How to reduce them with ioT
How to reduce them with ioT
Rising energy prices, the tertiary sector decree, energy efficiency, consuming better, consuming less… The energy consumption of buildings is more than ever the main topic of discussion.
Whatever the reasons for acting, we cannot ignore concerns about reducing energy consumption.
By 2021, electricity, gas and other fuel prices have risen by 25%¹. This unprecedented situation, coupled with the challenges of saving the planet, is pushing all companies, managers and building owners to be increasingly concerned about their consumption.
The energy consumption of buildings is indeed one of the most important ecological challenges to be met. The building sector accounts for 44% of the energy consumption in France each year.
Renovating the building, acting on the behaviour of users, making better choices and using specific equipment… these are the three main levers of action that can be considered to reduce consumption and improve energy efficiency.
The implementation of an IoT solution can help you analyse the consumption habits of a building in order to reach your energy consumption objectives.
What is energy performance?
Energy performance refers to the amount of energy consumed by a building per year, in relation to the square meter. It varies according to the nature of the building, its operation and its equipment.
The authorities are taking more and more measures to reduce energy consumption. These legal obligations are aimed at preserving the planet and its resources.
Most buildings are now affected by various laws. For instance, we can mention:
Its purpose is to “build more housing, simplify standards, protect the most fragile and put the energy and digital transitions at the service of inhabitants”.
It specifies the terms of application of Article 175 of the ELAN law. It sets out the terms of implementation of the obligation to reduce the consumption of tertiary buildings (< 1000m2). It requires them to reduce their energy consumption by 40, 50 and 60% by 2030, 2040 and 2050.
It completes the tertiary decree by providing an obligation of ways to achieve the objectives set by the latter. It requires the installation of an automation and control system in buildings. The aim is to monitor consumption and regulate the building’s activities accordingly.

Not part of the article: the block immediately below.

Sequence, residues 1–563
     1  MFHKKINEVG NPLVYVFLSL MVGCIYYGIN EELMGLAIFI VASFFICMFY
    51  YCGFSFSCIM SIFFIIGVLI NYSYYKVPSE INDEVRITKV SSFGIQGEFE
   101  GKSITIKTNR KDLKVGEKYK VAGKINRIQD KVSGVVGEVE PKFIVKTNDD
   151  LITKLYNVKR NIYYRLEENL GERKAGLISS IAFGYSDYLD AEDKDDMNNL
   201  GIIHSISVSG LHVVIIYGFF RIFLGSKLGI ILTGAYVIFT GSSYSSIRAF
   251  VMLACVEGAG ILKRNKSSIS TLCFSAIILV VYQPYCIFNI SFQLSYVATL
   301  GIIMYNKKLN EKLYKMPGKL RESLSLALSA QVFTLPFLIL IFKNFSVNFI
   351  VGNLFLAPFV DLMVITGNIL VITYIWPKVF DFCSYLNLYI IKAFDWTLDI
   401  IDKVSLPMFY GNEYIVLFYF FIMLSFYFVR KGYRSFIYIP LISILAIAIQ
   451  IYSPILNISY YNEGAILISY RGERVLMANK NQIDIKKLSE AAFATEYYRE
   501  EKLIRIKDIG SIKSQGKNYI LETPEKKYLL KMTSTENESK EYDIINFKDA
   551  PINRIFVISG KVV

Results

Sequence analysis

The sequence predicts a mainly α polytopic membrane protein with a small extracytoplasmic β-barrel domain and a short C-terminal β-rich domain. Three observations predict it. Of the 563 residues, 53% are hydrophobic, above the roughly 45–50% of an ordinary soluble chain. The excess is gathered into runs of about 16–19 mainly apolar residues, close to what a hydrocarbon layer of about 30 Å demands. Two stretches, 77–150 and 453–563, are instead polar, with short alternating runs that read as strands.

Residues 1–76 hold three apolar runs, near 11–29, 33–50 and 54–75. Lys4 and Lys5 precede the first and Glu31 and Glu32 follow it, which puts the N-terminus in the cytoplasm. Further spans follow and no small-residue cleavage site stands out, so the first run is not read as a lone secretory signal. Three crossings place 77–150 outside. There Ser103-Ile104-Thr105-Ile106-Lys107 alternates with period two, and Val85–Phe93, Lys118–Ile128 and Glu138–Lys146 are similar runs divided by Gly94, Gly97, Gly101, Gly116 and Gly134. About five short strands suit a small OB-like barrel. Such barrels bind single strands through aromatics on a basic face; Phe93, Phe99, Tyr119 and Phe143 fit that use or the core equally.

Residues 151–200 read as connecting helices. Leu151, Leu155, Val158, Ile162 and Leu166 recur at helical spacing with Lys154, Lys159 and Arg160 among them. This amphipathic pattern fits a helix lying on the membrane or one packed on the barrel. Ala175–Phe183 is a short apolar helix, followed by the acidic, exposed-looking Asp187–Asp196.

It requires companies with more than 250 employees to carry out an energy audit. This is mandatory every 4 years.
The next deadline is 5 December 2023.
Energy is an expense that often weighs heavily on a company’s budget. The direct consequence of using less energy is a proportional decrease in the amount of the related bill(s).
Given the tariff increases imposed in recent months and those likely to come, the importance given to this in companies is taking on a whole new dimension this year.
By paying attention to what we consume, we are directly involved in the fight against global warming. And it is with this in mind that the regulations presented above have been issued.
In addition, all actions taken to reduce energy consumption can be part of a CSR (Corporate Social Responsibility) approach.
The energy consumption items in a company are highly dependent on its sector of activity. However, some are often unavoidable:
Heating alone can account for up to 50% of energy consumption in a company.
In order to take effective measures to reduce energy consumption and fight against waste, it is first important to know how energy consumption is distributed.
This is the role of IoT sensors or connected sensors, which monitor the consumption of building equipments. To be exact, they enable the collection and analysis of water, gas and electricity consumption data.
With the help of IoT sensors, it will be possible to
Here are some examples of actions that can be taken to improve energy efficiency:
A drop of one-degree results in a 7% saving on the overall bill.
According to the recommendations of the ADEME, it is recommended to work in spaces at 19°C. The temperature can be lowered to 16°C when not in use and to 8°C if the premises are unoccupied for more than two days.²
According to the recommendations of the ADEME (French Environment and Energy Management Agency), air conditioning should be set at a maximum of 6°C above the outside temperature.²
A study by ADEME reveals that a computer in standby mode uses 20% to 40% of the equivalent of its power consumption when running. A photocopier consumes 80% of its energy in standby mode.
Whatever the reasons for wanting to reduce our energy consumption, there are many ways of doing it. These actions have direct consequences on consumption.
A project to reduce energy consumption must be considered in the long term. To find the best sources of improvement, the help of an energy manager is very useful.